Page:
It is hard to believe, but it has been one year since I returned to live in Chicago after forty years in Detroit, California, and Oklahoma. It has been a very interesting experience to get used to the traffic, people, streets, directions, applying for things, etc. The last 21 years have been in a town of 600!
However, it was a gradual change over the last five years, since I changed Chapters from the Dominican West to the Dominican Midwest. At Chapter and Mission Group meetings I heard of the chapter initiative regarding immigrants and immigration and all of the other ministries of our Sisters. I decided early that I really wanted to be involved. Sister Donna Kustusch and I were in the same Rio Grande Mission Group until she moved to Chicago and I knew of her passion for the people caught in the immigration difficulties.
Since October of 2015, after the excellent training given to all volunteers at our Aquinas Literacy Center, I have been working with a delightful young man from Mexico. He came to the United States in September and has a degree in engineering from Mexico. Guess what he is doing 40-plus hours here in the states? He is washing and parking cars at a restaurant in Little Italy! He is very motivated to improve his English. He knows the grammar and can read the language, but speaking is quite a challenge. He is improving every day, though, and has even learned about things in the U.S. such as the Statue of Liberty, Hollywood, cowboys, blue jeans, Henry Ford, Mother’s and Father’s Day, April Fools Day, etc. He also shares this information with his father and brother at home. I know that we need more volunteer tutors since there is a waiting list of students. The next training is set for Friday, August 26th, 2016 from 6:00 PM until 9:00 PM, as well as Saturday, August 27th from 9:00 AM to 4:00 PM.
I have also been introduced to several other sectors of the immigration ministry. I met with Sr. Mary Ann Penner at the Marie Joseph Hospitality House at the Chicago Theological Union (CTU) in Hyde Park and I am volunteering when needed on weekends, when staff is not present. Each time is an adventure because sometimes the children are active and folks are cooking, eating, doing laundry, cleaning, and at other times things are very quiet and one is able to read, email, write, mend, or knit!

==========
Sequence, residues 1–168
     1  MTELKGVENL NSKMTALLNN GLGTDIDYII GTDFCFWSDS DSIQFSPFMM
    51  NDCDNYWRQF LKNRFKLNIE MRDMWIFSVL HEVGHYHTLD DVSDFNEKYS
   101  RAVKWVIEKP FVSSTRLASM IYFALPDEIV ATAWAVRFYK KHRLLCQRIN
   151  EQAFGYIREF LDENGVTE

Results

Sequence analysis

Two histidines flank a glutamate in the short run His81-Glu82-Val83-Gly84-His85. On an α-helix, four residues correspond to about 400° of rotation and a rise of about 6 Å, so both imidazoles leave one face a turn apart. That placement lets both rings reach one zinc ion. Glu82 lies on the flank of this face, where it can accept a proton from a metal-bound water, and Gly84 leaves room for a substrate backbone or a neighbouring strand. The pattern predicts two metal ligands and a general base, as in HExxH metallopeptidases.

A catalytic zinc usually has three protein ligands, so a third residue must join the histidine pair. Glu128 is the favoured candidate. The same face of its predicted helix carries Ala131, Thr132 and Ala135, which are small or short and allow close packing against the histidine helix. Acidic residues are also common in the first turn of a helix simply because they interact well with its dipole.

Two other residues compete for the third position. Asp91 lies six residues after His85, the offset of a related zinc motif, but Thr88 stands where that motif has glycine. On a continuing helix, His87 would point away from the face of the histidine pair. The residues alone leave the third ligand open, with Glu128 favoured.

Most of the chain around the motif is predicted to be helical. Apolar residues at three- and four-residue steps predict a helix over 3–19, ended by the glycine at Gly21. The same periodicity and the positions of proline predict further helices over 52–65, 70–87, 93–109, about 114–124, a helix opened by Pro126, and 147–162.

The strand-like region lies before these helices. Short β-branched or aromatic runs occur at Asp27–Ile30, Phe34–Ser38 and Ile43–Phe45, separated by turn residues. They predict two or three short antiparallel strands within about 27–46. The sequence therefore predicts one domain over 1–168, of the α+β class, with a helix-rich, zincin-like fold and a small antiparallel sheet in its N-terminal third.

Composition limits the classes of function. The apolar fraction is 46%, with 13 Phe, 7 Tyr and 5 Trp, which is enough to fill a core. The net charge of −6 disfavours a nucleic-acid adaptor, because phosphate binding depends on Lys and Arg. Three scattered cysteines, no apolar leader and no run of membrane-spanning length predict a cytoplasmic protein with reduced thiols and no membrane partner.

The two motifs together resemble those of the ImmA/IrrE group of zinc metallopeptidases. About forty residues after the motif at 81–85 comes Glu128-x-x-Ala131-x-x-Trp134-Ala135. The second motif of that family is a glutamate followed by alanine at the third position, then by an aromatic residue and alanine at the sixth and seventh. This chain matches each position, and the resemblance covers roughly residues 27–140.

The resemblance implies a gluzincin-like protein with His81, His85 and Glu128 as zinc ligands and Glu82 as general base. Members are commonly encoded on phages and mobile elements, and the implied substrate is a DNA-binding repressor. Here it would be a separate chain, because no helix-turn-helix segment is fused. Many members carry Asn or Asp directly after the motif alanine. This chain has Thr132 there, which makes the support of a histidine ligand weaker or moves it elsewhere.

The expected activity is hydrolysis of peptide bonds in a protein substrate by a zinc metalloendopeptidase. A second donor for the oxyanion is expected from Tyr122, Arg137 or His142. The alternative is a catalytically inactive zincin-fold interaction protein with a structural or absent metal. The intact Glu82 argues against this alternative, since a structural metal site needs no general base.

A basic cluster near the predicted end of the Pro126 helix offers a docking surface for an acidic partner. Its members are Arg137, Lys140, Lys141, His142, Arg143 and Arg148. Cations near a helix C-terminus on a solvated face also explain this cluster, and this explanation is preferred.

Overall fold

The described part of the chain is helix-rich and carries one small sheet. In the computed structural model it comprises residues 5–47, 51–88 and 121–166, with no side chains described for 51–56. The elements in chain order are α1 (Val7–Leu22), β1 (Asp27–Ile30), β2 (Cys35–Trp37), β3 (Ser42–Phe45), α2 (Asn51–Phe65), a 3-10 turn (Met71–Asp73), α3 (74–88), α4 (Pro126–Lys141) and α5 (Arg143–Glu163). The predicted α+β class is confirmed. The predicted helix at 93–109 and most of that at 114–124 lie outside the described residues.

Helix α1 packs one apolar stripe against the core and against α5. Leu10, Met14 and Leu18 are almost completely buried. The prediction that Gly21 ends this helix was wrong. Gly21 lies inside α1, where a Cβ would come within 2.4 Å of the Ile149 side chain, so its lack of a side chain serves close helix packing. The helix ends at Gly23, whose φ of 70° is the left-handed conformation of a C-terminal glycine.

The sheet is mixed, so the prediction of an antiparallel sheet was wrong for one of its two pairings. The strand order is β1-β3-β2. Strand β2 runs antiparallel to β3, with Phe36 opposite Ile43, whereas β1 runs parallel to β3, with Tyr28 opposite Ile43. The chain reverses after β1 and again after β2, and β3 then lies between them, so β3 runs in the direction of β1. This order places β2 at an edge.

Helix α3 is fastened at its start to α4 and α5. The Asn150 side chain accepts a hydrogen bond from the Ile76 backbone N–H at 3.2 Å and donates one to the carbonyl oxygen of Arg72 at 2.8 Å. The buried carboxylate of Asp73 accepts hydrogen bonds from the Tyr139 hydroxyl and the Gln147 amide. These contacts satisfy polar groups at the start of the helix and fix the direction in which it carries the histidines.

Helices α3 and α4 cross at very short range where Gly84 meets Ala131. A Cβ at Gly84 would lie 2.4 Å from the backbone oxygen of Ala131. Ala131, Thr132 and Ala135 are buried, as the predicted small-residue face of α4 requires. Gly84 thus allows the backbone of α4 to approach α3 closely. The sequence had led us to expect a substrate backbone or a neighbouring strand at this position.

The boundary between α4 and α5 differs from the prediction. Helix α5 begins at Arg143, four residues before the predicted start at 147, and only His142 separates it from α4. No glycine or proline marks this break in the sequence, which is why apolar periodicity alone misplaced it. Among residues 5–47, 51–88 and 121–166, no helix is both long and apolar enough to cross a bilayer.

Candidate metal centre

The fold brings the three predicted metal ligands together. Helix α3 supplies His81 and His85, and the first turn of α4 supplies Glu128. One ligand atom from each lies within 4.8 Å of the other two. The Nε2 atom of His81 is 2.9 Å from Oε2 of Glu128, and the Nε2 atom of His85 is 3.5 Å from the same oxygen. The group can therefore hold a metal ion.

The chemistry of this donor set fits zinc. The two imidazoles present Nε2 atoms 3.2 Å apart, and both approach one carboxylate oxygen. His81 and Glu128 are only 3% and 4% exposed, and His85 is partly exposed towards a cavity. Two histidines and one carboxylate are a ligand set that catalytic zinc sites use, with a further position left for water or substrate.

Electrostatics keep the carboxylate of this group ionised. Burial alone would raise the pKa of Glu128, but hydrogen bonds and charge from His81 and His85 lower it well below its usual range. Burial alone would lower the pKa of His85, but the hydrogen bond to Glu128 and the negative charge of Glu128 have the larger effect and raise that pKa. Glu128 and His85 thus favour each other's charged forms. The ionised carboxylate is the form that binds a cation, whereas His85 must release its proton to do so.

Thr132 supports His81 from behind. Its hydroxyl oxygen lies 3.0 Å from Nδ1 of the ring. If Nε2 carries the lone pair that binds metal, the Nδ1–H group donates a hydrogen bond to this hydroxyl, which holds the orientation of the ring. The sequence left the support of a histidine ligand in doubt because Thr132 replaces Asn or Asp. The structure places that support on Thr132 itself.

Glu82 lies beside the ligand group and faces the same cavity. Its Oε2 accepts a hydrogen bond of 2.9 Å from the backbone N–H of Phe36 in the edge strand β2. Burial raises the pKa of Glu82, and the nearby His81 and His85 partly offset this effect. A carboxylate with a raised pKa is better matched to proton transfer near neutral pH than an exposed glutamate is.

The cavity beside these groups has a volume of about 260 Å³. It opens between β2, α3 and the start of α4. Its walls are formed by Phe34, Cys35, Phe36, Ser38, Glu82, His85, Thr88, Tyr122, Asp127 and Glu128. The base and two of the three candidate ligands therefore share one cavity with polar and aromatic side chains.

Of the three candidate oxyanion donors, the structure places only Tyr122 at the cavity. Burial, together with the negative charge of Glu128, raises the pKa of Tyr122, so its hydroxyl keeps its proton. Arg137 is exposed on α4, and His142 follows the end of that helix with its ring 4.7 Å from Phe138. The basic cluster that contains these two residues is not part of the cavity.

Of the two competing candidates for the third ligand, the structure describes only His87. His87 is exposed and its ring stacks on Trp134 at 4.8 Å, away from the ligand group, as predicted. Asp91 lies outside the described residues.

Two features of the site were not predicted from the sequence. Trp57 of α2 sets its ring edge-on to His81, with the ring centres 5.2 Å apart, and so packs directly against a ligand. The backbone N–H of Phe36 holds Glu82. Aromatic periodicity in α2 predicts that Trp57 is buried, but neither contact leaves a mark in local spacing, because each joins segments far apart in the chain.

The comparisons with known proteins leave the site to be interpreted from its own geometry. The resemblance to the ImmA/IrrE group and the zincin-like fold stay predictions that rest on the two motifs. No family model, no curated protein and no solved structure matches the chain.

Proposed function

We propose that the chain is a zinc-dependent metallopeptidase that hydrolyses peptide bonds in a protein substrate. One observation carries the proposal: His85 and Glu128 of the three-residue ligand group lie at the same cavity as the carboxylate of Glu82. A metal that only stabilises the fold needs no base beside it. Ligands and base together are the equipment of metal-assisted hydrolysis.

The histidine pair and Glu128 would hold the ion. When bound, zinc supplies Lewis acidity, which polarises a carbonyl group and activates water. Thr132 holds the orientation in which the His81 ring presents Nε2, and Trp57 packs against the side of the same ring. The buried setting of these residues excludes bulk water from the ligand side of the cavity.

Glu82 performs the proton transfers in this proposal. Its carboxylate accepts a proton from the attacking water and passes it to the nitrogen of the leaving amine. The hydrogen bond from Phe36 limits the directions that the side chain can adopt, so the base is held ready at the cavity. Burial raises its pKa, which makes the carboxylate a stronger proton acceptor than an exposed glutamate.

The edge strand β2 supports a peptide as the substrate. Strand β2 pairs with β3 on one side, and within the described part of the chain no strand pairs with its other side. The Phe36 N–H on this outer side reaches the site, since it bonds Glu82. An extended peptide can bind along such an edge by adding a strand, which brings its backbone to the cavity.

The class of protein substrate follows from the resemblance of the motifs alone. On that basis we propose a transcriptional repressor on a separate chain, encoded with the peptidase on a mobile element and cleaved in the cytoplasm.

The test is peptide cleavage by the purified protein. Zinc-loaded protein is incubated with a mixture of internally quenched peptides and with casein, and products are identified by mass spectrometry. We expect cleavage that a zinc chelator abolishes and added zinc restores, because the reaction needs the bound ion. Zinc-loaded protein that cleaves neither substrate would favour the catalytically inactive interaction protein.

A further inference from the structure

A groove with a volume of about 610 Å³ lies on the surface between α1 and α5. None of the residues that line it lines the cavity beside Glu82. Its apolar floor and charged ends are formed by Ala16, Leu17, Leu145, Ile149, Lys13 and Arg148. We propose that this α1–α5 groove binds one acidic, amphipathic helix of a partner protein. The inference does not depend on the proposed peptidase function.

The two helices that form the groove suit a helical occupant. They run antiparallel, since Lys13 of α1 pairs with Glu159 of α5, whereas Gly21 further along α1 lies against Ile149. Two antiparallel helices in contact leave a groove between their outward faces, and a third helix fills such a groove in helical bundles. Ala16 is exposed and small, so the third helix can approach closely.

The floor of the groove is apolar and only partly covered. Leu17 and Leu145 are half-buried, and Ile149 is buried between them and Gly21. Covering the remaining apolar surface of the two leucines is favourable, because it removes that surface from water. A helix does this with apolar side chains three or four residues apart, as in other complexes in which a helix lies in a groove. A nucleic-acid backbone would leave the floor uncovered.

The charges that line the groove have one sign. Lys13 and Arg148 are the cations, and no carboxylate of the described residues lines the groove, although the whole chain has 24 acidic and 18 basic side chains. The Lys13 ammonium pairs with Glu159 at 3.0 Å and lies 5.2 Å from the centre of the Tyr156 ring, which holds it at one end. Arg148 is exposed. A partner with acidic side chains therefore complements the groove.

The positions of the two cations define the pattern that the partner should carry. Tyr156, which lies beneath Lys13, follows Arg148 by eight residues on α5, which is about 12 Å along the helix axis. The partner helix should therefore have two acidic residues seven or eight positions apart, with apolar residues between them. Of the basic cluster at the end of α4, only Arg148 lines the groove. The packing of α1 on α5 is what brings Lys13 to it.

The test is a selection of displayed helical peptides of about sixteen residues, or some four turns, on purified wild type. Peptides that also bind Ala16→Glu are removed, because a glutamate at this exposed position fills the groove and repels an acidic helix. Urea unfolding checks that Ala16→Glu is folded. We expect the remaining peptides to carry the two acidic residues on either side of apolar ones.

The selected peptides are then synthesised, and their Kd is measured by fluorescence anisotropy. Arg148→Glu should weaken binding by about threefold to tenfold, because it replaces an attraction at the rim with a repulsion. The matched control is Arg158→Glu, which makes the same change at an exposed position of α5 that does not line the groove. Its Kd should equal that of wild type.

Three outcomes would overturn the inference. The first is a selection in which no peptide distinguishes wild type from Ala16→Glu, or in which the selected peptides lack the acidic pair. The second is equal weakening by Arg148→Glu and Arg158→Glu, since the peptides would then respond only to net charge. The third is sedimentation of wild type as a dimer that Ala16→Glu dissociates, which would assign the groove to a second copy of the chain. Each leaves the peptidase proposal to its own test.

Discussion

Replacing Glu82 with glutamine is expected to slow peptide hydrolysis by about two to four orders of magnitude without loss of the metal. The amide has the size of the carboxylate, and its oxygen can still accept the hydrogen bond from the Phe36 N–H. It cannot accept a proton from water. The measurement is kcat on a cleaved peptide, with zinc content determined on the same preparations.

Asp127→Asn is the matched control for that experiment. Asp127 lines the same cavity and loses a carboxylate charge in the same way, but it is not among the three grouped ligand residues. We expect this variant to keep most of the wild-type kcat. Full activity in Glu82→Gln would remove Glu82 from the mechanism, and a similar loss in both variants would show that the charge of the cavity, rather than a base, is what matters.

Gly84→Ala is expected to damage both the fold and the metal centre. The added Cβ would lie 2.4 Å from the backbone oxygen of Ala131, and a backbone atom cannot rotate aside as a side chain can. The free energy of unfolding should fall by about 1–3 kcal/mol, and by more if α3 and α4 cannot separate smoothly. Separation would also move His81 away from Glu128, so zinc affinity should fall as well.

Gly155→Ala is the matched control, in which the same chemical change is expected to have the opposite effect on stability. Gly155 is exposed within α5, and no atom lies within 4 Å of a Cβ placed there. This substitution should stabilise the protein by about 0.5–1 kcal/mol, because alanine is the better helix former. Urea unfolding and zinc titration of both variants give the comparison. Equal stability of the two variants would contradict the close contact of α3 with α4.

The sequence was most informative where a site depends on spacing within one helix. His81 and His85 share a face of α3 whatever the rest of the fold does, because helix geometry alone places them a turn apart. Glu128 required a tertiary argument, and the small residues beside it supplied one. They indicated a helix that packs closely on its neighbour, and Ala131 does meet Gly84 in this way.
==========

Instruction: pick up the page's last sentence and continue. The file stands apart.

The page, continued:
I have joined Dot Dempsey, Anne Guinan, Noreen George, and Jean Kelly for the rosary for those being deported in Broadview on Friday mornings – an event that was begun ten years ago by some Mercy Sisters, Brothers, lawyers, and other immigrant activists. It is interfaith and on one Friday a month the prayer includes reflections by other Christian groups, Muslims, and those of the Jewish faith. All in all, it is a wonderful experience – very sad – but always hopeful for compassionate, just immigration reform. Afterwards, we Adrians always go to Dunkin Donuts for some fellowship and reflection!
One other thing that I am trying to do regarding immigration is to attend the monthly meetings of the Sisters and Brothers of Immigrants. I must admit that at the first meeting all I could offer to the group was a thought: “This is a very high-powered group!” But I am learning much about Chicago and the immigration issues here on a local and state level.
I did search for the Indians in Chicago and I finally found the Kateri Center, which is housed at the Convent in St. Benedict Parish on Irving Park on Chicago’s north side. They have a Sunday Mass there on the second and fourth Sunday of each month at 11:00 AM and they welcome anyone to these celebrations with a potluck following Mass.
Thank you to all for your gracious welcome to me – to Chicago, my hometown!
Sr. Joann Fleischaker OP
I'm busy working on my blog posts. Watch this space!